Posted June 14, 2007
Book: The Secret of Wealth: The priceless joy of true abundance can be yours today
Author: Owen Phelps, Ph.D.
The Durand Corporation, Durand, IL. 2007. Pp. 106
An Excerpt from the Introduction:
On the cover of this book, you read that I am America’s wealthiest man. It’s true.
Of course, I’m not America’s richest man.
You may be wondering, “What’s the difference?”
Answering that question is the purpose of this book.
But let me say this much at the start. As words are used in this book, rich refers to an absolute measure of capital assets. So there can only be one “richest man” or “richest person” in any group. The one with the most assets wins the title.
Wealth is very different. It refers to the abundance that one experiences in life.
Rich measures something which exists outside of you. Wealth measures something that grows up deep inside of you an makes your life qualitatively different — in fact, much better.
Many people seek to become rich so that they can have the experience of being wealthy. They want the sense of well-being that abundance provides. Unfortunately, the world is full of people who have large incomes, even great riches in the form of assets, and yet they have not found wealth — genuine abundance — which is the real point of their quest.
Here is what one of them said after he had started with nothing, became a millionaire by age 28 and built a fortune so large that he could afford to give th Smithsonian its largest gift ever — $100 million: “I believe that money would bring happiness. And I believed that I had acquired everything my quest for more could provide. Still, I had not found joy.”
Eventually this man did find joy — true wealth and a sense of deep abundance — pursuing the goal of giving away a wheelchair to every one of the 150 million people in the world today who need them. He has not achieved his goal — yet.
But his goal has given his life new purpose.
Once he was rich and enjoyed all the things money could buy. Today he enjoys the sense of purpose and peace of mind that no amount of money by itself can obtain. Today he knows the joy of being truly wealthy.
In the same way, America’s two richest men — Bill Gates and Warren Buffet — have made headlines in recent years not because they have accumulated more riches but because they have decided to give away most of their vast fortunes. Apparently being the richest people in America is not enough. Now they want to be wealthy too.
The good news is that one does not have to first become a billionaire or even a millionaire in order to be wealthy. Just as the world is full of people who are rich but know nothing of the joy that comes from being wealthy, the world also is bursting with people who are not materially rich and yet know the joy of living truly wealthy lives.
They have discovered the Secret of Wealth.
The purpose of this book is to share that secret with you so that you can unlock the power of wealth in your life and know the priceless joy of abundance which is given only to the world’s wealthiest people.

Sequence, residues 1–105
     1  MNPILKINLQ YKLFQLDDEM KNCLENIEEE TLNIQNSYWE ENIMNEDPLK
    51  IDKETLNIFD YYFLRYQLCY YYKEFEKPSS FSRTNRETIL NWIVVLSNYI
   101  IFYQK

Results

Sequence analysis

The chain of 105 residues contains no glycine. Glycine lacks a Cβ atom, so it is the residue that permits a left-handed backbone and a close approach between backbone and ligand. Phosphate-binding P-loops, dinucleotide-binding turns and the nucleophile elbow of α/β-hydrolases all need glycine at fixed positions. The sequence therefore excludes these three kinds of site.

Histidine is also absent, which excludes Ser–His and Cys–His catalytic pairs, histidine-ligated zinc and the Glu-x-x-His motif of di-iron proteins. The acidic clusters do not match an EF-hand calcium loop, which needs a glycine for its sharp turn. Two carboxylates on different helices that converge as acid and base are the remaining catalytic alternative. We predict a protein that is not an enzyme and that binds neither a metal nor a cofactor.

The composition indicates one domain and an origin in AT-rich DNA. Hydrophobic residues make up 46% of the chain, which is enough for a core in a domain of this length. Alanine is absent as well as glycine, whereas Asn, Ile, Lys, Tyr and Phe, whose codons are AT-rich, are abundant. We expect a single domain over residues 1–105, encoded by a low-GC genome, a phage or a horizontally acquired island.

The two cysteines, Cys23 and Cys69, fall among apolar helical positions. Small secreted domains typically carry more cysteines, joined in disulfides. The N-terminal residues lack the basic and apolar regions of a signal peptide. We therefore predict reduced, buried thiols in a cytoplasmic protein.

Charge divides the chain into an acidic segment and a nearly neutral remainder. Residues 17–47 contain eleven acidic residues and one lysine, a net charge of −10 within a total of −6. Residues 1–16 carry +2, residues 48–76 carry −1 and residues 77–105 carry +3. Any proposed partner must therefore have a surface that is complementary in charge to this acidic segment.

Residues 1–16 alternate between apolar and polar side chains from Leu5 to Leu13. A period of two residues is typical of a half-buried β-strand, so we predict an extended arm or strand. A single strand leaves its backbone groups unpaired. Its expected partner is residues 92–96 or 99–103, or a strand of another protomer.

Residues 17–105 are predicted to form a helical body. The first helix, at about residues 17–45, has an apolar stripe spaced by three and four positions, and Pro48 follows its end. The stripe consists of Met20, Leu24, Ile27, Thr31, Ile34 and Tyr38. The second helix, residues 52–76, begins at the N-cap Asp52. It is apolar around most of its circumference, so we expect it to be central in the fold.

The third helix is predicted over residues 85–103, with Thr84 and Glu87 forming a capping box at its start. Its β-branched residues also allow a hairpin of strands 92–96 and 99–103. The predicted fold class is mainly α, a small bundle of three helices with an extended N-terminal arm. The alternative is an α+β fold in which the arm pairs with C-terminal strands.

There can be only one “richest man” or “richest person” at any one time and place. But the title of “wealthiest” can be shared. In fact, it is meant to be held in common. Why? Because as your sense of wealth grows, the world we share is enriched.
Now I urge you — break open the secret. Embrace the secret. Embody the secret. And feast on the wealth that is waiting for you.
An Excerpt from the Book:
“What we see and know about our line of people tells us something profound about the Secret of Wealth,” Mr Peabody began. “Let’s start with some small things and build from there. First, we know that poorer people spend a higher percentage of their income on charity than do wealthier people — even though we know they have to spend a higher percentage of their income just to cover the basics of living. One of the things that should tell us is that no matter how poor we are, almost all people in our country can find a little surplus — a little money left over — to help others in need. Very few people are so poor they have nothing to share. And, in fact, even the poorest can and do help each other in other ways. They give what time and talents they have to helping each other.
. . . “But we also see that as people get more income, two things happen. First, they need to spend a smaller percentage on the basics, so they have a larger percentage of discretionary income that theoretically they could give away. But second, instead of giving away a larger percentage of their income, they give away a smaller percentage. So as people get more, they actually give less of it away.”
. . .”Yet we know that most people like to do good things and like to help one another. In fact, I looked it up this morning and learned that people in 89% of all households in our country contribute money to some good cause. It must be satisfying or so many people wouldn’t do it. So how do you explain why as our incomes goes up the portion that we give to help others goes down?
Table of Contents
1. The twins
2. A learning opportunity
3. Growing curiosity
4. Getting rich
5. The question
6. Tale of two sisters
7. Rich sister
8. Poor sister
9. Rich or wealthy?
10. What is enough
11. When do we have enough
12. Enough to share
13. Connecting to purpose
14. Worth the wait
15. An agent for change
16. The lesson of the line
17. Getting more, having less
18. Where do we live?
19. Lasting change
20. The simple secret